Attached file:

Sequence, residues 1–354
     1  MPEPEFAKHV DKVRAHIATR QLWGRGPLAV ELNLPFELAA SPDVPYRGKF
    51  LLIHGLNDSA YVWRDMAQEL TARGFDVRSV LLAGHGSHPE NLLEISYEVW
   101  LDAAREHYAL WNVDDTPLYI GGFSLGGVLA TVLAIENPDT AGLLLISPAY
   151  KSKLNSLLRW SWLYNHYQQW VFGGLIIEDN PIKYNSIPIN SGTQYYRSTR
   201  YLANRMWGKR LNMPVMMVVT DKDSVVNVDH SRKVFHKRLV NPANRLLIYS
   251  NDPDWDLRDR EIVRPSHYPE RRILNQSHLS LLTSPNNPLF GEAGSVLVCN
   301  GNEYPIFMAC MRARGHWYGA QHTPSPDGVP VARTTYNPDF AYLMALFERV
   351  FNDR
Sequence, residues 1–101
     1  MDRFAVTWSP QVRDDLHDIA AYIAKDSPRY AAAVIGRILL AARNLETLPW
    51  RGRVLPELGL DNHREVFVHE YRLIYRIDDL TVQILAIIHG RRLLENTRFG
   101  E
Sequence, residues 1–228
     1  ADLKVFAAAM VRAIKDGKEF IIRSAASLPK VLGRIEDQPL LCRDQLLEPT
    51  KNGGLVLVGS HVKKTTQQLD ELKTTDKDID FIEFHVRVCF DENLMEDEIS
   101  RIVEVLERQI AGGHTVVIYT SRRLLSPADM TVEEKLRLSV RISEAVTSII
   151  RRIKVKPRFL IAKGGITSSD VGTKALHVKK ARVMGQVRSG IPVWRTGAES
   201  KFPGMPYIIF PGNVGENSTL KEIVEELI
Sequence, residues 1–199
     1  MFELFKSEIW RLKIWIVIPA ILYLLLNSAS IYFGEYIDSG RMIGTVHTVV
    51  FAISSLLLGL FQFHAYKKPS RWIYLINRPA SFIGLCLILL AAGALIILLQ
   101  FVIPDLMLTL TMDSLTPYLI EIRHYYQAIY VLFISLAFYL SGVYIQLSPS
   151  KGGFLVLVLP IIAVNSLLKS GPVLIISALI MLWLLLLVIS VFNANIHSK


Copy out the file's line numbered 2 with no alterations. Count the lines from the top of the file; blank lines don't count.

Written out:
     1  MPEPEFAKHV DKVRAHIATR QLWGRGPLAV ELNLPFELAA SPDVPYRGKF